- Associated Press - Thursday, July 21, 2016

HONOLULU (AP) - Hawaii lawmakers voted to override Gov. David Ige’s veto of a bill that would transfer control of three Maui County hospitals to Kaiser Permanente, making it the largest privatization of public facilities in state history.

The legislation provides severance packages and retirement benefits to the hospital workers affected by the move, and Ige says it’s too expensive. He vetoed the bill earlier this month, also citing concerns that it could jeopardize the tax-exempt status of the Employees’ Retirement System.

The Legislature met in special session Wednesday and secured the necessary votes to overturn Ige’s decision.

“We are extremely grateful to the leadership of and members of the Hawaii State Senate and House of Representatives for convening a special session to forward the discussions necessary for our hospitals to transition,” said Wes Lo, Hawaii Health Systems Maui Region CEO.

The state authorized the takeover of Maui Memorial Medical Center, Kula Hospital and Clinic, and Lanai Community Hospital by a private partner last year. Kaiser was selected to take control of the financially troubled hospitals in September.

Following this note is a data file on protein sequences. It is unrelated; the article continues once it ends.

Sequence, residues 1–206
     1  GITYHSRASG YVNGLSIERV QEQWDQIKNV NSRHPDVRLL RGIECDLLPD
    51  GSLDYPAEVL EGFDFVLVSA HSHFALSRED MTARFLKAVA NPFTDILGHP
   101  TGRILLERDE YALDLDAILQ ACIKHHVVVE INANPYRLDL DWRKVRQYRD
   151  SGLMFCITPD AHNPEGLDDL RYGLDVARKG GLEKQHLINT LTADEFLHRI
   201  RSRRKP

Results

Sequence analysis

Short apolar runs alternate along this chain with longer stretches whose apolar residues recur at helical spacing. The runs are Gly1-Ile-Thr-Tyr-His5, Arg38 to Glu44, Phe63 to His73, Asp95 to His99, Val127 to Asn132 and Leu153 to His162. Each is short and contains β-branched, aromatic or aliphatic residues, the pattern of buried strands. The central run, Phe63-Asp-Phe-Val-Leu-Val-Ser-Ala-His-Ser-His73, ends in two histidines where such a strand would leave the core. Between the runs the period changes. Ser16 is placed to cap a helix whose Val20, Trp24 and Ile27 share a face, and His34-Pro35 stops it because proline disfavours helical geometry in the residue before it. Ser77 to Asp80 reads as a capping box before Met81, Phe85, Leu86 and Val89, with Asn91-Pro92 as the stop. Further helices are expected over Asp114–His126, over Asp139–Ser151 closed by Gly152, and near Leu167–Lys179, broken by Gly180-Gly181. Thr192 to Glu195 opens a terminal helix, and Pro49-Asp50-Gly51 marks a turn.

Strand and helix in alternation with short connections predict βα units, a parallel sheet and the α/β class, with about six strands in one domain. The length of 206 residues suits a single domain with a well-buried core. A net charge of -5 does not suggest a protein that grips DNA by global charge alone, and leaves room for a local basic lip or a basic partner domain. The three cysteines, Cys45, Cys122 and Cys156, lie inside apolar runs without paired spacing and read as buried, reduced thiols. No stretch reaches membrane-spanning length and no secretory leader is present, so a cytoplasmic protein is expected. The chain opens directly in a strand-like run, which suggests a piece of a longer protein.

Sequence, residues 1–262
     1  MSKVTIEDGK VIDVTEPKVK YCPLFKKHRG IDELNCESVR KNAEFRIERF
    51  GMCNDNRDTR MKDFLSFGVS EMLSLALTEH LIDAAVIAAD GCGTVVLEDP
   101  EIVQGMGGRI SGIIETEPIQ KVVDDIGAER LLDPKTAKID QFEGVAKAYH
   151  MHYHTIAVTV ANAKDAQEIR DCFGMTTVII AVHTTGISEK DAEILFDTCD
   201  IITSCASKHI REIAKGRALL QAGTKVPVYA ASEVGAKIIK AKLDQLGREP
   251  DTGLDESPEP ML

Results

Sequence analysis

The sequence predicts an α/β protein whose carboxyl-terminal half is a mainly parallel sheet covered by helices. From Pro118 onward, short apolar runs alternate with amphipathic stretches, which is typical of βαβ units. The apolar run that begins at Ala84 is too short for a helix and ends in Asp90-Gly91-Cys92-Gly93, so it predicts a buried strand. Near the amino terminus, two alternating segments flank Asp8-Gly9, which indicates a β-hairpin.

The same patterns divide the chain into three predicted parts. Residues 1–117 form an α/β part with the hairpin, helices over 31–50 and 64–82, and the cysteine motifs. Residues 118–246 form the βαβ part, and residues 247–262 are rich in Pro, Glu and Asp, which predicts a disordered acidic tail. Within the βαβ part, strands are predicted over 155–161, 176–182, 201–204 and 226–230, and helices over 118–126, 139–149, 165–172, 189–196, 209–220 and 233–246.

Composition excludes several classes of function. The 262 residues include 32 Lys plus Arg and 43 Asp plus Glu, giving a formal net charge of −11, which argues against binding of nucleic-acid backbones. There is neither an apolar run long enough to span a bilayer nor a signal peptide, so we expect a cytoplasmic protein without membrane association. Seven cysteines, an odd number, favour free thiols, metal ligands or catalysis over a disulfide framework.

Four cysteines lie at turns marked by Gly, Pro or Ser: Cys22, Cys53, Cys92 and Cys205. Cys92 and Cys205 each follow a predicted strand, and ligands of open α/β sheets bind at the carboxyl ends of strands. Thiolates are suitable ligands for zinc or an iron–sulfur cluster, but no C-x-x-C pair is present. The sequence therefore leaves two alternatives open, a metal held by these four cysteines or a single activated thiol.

Ige said he is in discussions with the attorney general about the veto override and that he stands by his decision. He issued a statement saying “this transaction must be done correctly for the common good. The concerns expressed in my veto message have not changed.”

Meanwhile, the Ige administration has been negotiating with a union suing the state over claims that the privatization violates the contracts clause of the U.S. Constitution and interferes with collective bargaining agreements. The union represents 1,500 Hawaii Health Systems Corp. employees.

The 9th U.S. Circuit Court of Appeals issued an injunction in May that put the privatization effort on hold.

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